Intoximeter, the company that manufactures the blood alcohol meters used by many law enforcement departments, has an on-line blood alcohol measurement program, the “Drink Wheel” (it got its name from the cardboard novelty models with a rotating wheel in the center that you used to line up the number of drinks to determine your blood alcohol level).
I hope it provides some information about how much one drink would impact your blood alcohol level. Obviously, the best advice is to not drink and drive. If you are arrested for a DUI and the results come back at or above the “legal limit” of 0.08%, there are still issues to look into with your attorney. Sometimes, the blood alcohol result, even if accurate, doesn’t truly measure your blood alcohol at the time of driving. There can be other flaws in the police investigation as well, from the legality of the initial traffic stop to the arrest and procedure afterward. Keep your rights in mind at all times. For information about why the field sobriety tests are not mandatory, nor are answering questions, see this post.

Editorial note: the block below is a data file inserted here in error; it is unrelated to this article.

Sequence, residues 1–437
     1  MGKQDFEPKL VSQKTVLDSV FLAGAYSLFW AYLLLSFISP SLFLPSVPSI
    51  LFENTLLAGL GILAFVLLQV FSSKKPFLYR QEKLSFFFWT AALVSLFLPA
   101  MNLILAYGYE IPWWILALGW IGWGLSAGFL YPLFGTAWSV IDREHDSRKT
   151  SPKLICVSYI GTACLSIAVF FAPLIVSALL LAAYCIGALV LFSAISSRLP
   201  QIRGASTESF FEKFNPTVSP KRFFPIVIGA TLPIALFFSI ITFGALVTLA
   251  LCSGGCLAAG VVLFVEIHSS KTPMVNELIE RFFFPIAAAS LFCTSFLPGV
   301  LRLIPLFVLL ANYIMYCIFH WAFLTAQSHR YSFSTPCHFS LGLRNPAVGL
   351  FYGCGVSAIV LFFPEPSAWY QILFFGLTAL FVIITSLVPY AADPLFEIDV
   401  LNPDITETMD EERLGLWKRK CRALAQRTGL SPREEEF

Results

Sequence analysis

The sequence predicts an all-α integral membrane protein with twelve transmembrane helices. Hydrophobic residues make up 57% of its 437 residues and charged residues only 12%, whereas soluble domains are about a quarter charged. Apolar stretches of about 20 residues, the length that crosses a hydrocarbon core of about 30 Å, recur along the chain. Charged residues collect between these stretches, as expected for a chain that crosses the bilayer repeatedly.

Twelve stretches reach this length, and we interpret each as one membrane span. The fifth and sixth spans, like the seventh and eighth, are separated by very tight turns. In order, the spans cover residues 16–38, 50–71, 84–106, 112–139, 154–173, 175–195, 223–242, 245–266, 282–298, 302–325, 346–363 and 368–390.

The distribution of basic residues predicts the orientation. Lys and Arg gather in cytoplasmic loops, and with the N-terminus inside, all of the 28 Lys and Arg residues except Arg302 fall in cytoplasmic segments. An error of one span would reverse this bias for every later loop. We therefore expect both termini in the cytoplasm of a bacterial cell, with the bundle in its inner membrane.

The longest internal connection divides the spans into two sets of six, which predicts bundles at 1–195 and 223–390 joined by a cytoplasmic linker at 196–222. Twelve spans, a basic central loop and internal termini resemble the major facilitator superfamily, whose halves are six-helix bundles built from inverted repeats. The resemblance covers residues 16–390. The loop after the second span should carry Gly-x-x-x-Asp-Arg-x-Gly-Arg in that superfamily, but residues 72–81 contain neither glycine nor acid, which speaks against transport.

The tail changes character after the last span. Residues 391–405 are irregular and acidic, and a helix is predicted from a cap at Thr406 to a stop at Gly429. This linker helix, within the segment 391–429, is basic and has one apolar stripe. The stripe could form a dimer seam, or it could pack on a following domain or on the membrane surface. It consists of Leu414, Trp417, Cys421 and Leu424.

With that in mind, here’s the “Drink Wheel”:
The Drink Wheel
The Intoximeters Inc. “Drink Wheel”1 is a form that you can fill out. Upon completion we will instantly compute your estimated blood/breath alcohol concentration (“BAC”) based on the information that you have provided and return that estimate to you. It is presented as a public service to Intoximeters web site visitors. Its primary purpose is to provide useful information about the responsible use of alcohol.
It would be extremely foolish for you to pretend that the “Drink Wheel” can tell you what your BAC actually is, first because it would open us up to an incredible amount of potential liability and second if it really did work accurately there would be no need for anyone to buy the instruments the company makes and sells.
A person’s actual BAC is dependent on many complex factors, including their physical condition (body composition, health etc…) and what they have recently ingested (including food, water, medications and other drugs). This site includes a more detailed discussion of the Pharmacology and Disposition of alcohol in humans.
The results that are generated are rough estimates of an average healthy person’s BAC assuming typical beverage sizes, recipes and alcohol content. The BAC estimates generated by the Drink Wheel should not be used to infer anyone’s fitness to work, drive or perform any other task or duty.